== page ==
Bribery in general is a highly destructive practice. In government, it undermines the most basic systems and values and decreases public trust in government officials. In medicine, it can lead to dangerous endorsements and prescriptions of unnecessary medications.
In business, however, it can lead to an overall decrease in economic growth and the overturn of fundamental systems of capitalism, as competition becomes utterly unbalanced by bribery. This last consequence of bribery is especially significant to international bribery, as the world becomes smaller each day.
Foreign trade is becoming more and more important to the overall financial success of any given company, as foreign markets offer large areas to be tapped for additional economic growth. Some of the largest markets also lie in developing nations, with major populations in need of any number of manufactured products. But one of the unfortunate consequences of these markets being located in developing nations is simply that international business ethics standards do not necessarily carry over.
Between businesses of two developed nations, international bribery is very unlikely to occur, not least because both nations likely have similar principles and laws concerning bribery and will likely share a similar code of international business ethics. Should a business of one developed nation attempt to bribe an official of another for a contract, then someone in either the foreign nation or the home nation would be likely to find out about the transaction and would then be likely to punish those parties involved.
But in a business dealing between a business of a developed nation and the government of an undeveloped nation, none of the above is necessarily true. It is entirely possible for the government of the undeveloped nation to have no restrictions against such international bribery, or even if it does have such restrictions, it might not enforce them.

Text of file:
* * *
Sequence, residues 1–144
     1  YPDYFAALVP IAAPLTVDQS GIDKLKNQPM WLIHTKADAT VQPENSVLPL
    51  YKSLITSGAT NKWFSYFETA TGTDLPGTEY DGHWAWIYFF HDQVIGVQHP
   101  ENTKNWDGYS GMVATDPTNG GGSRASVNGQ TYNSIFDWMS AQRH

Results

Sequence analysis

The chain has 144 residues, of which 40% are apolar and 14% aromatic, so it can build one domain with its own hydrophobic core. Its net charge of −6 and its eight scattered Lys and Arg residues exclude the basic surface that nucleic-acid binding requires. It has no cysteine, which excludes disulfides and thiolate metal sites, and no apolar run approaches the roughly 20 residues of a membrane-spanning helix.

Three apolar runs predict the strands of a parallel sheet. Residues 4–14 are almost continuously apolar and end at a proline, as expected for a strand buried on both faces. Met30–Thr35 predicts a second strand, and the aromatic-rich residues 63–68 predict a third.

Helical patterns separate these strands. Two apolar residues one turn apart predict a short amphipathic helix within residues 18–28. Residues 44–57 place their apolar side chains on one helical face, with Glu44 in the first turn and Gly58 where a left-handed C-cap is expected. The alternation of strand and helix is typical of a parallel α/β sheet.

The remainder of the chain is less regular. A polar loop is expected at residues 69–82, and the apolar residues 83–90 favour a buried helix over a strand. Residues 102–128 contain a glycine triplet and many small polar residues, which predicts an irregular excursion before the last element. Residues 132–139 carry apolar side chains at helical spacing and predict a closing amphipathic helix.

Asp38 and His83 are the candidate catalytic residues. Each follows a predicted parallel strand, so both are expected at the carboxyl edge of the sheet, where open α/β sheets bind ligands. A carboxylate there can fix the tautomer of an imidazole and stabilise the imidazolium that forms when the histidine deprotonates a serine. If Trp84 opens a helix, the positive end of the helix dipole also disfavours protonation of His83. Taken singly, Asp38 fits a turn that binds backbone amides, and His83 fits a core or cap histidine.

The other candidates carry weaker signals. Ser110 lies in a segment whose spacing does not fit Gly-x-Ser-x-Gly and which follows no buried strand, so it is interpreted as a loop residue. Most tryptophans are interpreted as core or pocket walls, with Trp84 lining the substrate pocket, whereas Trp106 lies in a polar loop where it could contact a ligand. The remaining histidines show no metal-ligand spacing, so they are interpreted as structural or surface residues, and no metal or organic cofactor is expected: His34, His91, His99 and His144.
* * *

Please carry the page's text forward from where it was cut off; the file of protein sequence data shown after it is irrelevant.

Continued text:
Businesses then often have two sets of international practices, one for developed nations and one for undeveloped nations. For developed nations, businesses will obey the tenets of international business ethics. But for undeveloped nations, businesses will often have no ethical difficulty with stooping to international bribery in order to secure contracts.
As was mentioned earlier, however, when one business shirks the tenets of international business ethics, it significantly affects the nature of competition under the capitalist system. That one company will then be at a significant advantage as opposed to other companies which still attempt to maintain appropriate, ethical business practices. In order for the other businesses to remain competitive, then they too must indulge in international bribery and completely step outside of the boundaries of international business ethics.
This is the primary concern facing international bribery. Any given nation can outlaw bribery practices, and it can furthermore outlaw bribery practices towards foreign nations. But there are many nations which, either de facto or de jure, have not outlawed such practices.
In such markets, a heavy advantage may always be gained by resorting to international bribery, which will then require the other companies to adopt similarly unethical practices in order to remain in the game, as it were. Without a code of international business ethics that is binding on all participants in global trade, this problem will likely always remain.